The flawed policy of the infrastructure bill

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Ramesh Ponnuru is a Bloomberg Opinion columnist. He is editor-in-chief of the National Review and a visiting scholar at the American Enterprise Institute.

The political maneuvering on infrastructure is getting pretty bizarre, with President Joe Biden first applauding a bipartisan bill, then threatening to veto it, then resuming the threat of a veto within two days. When the action on stage becomes difficult to follow, it can be useful to revisit the main characters and their motivations.

The 21 bipartisan Senate negotiators want their bill passed not only because they believe it would improve the country’s roads and bridges, but because it would reduce the likelihood of Congress taking two more steps: passing a bill. Democratic law that spends additional trillions on child care and raises taxes, and weakens filibuster.

Senate Majority Leader Chuck Schumer had planned to spend June building the case against filibuster, as The New York Times reported. He would introduce one attractive piece of legislation after another – especially a bill that would supposedly “protect voting rights” – and then blame their demise on the excessive use of tactics.

The infrastructure agreement thwarted this plan. The Senate ended its June business by demonstrating that a significant number of Republicans are prepared to legislate, not just obstruct, and that the chamber can work without having to change its rules.

Progressives and most Senate Democrats, meanwhile, fear that the moderate Democrats in the bipartisan group will indicate that any success on the infrastructure bill would be a reason to scale back or move away from the second bill. spending bill that Senator Bernie Sanders, chairman of the budget committee, is preparing.

One theory of Biden’s behavior, based both on reporting and discussions with Senate advisers, is that the White House was taken by surprise when the bipartisan group struck a deal, felt compelled to do so. approve, then was burned by progressives. To appease them, he blurted out that he would not sign the bipartisan bill without signing the second “in tandem”. But that infuriated moderate Democrats, so he had to back down.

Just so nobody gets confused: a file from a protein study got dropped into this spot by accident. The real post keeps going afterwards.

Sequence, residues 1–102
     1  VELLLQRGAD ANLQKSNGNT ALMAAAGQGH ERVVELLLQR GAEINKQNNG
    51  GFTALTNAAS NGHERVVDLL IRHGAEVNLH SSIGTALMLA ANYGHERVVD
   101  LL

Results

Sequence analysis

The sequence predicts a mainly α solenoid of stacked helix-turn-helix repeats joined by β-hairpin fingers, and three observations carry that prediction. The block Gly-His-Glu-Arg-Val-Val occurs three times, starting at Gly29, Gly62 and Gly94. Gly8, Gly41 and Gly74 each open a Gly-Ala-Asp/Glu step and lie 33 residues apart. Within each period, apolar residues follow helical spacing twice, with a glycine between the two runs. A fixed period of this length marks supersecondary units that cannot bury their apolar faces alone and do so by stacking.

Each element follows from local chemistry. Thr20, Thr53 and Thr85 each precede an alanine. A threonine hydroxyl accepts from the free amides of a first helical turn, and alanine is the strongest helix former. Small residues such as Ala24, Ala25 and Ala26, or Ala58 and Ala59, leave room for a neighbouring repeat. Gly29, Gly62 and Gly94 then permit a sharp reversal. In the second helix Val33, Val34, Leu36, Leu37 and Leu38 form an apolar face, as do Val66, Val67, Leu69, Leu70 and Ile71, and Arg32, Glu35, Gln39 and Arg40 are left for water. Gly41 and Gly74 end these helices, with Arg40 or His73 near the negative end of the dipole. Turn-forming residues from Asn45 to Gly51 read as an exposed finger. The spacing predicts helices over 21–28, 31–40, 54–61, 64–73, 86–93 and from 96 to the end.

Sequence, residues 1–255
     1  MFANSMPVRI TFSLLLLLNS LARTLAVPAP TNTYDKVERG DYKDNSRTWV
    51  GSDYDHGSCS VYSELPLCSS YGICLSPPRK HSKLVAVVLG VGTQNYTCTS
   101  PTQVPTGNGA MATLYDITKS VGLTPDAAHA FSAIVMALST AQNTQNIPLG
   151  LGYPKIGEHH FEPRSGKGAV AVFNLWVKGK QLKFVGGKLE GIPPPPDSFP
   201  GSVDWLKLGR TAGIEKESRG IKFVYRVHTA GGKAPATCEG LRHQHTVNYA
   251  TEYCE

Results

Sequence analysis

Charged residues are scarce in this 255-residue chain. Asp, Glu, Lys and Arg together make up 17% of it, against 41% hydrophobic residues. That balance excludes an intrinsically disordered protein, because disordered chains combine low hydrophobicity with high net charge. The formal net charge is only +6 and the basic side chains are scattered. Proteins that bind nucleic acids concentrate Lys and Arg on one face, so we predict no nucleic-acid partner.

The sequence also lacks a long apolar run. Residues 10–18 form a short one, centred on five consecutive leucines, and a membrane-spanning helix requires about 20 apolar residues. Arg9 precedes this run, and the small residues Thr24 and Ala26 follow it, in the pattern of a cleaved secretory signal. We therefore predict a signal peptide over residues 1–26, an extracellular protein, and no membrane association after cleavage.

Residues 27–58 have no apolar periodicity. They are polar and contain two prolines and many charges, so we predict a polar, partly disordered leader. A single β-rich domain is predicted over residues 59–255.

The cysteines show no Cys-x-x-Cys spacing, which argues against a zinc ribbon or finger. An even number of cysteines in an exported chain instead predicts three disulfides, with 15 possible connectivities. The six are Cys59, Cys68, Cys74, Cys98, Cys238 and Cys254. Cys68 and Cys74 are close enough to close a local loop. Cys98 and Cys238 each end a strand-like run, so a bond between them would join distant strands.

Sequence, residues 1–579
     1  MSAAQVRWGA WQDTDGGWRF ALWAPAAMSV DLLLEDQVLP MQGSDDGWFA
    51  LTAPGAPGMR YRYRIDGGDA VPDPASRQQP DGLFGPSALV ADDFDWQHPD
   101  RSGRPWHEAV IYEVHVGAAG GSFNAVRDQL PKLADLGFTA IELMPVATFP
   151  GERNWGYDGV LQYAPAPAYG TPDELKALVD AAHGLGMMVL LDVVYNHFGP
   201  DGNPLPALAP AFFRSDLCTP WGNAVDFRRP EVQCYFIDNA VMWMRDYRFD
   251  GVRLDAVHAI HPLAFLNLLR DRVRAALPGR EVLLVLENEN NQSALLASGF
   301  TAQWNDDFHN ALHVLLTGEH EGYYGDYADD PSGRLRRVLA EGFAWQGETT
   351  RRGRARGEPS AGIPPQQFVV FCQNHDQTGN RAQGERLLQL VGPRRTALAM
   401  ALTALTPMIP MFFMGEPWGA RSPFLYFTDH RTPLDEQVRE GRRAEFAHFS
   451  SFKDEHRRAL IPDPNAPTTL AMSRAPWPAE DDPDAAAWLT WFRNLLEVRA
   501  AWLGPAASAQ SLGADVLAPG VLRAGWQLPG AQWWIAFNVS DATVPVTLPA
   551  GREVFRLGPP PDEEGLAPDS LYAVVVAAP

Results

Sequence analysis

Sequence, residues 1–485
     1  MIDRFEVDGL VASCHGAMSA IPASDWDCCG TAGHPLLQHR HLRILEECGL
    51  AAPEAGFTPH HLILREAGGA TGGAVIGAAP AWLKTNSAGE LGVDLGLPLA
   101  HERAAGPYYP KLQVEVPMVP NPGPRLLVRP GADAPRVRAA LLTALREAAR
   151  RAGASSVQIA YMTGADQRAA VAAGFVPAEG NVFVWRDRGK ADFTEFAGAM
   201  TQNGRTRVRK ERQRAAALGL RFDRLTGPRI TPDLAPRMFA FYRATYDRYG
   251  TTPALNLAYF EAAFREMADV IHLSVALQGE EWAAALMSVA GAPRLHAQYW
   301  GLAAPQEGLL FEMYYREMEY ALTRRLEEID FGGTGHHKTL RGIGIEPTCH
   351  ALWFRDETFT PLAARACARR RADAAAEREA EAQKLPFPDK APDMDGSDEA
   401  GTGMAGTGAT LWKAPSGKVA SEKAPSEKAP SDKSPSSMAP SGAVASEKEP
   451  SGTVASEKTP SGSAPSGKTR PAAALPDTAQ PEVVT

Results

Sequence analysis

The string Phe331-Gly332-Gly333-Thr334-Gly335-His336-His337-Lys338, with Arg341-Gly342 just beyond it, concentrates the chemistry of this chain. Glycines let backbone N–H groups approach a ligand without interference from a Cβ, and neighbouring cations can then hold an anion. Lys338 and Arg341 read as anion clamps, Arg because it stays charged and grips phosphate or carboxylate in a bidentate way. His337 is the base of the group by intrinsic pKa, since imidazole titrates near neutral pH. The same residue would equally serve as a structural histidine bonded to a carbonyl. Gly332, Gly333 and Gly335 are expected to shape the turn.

House Speaker Nancy Pelosi is keeping the pressure on the moderates, however, saying she will not allow the House to vote on the bipartisan bill until the Senate passes the partisan bill. It is a strategy that will require stubbornness.

It will take weeks to convert the bipartisan agreement into legislative language. Developing the Sanders Bill and clearing procedural hurdles will take months. Democrats don’t even agree on the price yet: He threw $ 6 trillion, while Senator Joe Manchin spoke of $ 2 trillion. Even in today’s Washington, that’s a big difference.

Most Republicans in Congress are watching the Democrats’ internal bickering from the side. They oppose the two spending bills.

They think we’ve spent enough money over the past two years as it stands – COVID legislation alone has added more than $ 5,000 billion to federal debt – and also want to deny Biden legislative victories . They do not believe our infrastructure is collapsing and they doubt that federal infrastructure spending is going where the investment would do the most good.

They are right about that, by the way. It is true that the American Society of Civil Engineers says we urgently need more infrastructure spending. If there is a National Barber Society, they probably think we all need more haircuts. And Congress isn’t exactly focused on using an infrastructure bill to maximize the country’s productivity.

Getting a victory for Biden, preventing him from getting one, influencing the filibuster debate: these are the types of considerations that worry lawmakers. So it’s no surprise that much of the negotiation has been about arbitrary spending levels and not, say, which projects deserve funding and which don’t.

Polls suggest that the public likes the idea of ​​spending on infrastructure but doesn’t see it as a high priority. The Democrats have decided to make this a priority issue, and now they run the risk that by taking it all in, they will get nothing.

If the bipartisan infrastructure deal fails, it won’t be because the Senate is dysfunctional. It will be because the Democratic Party is.


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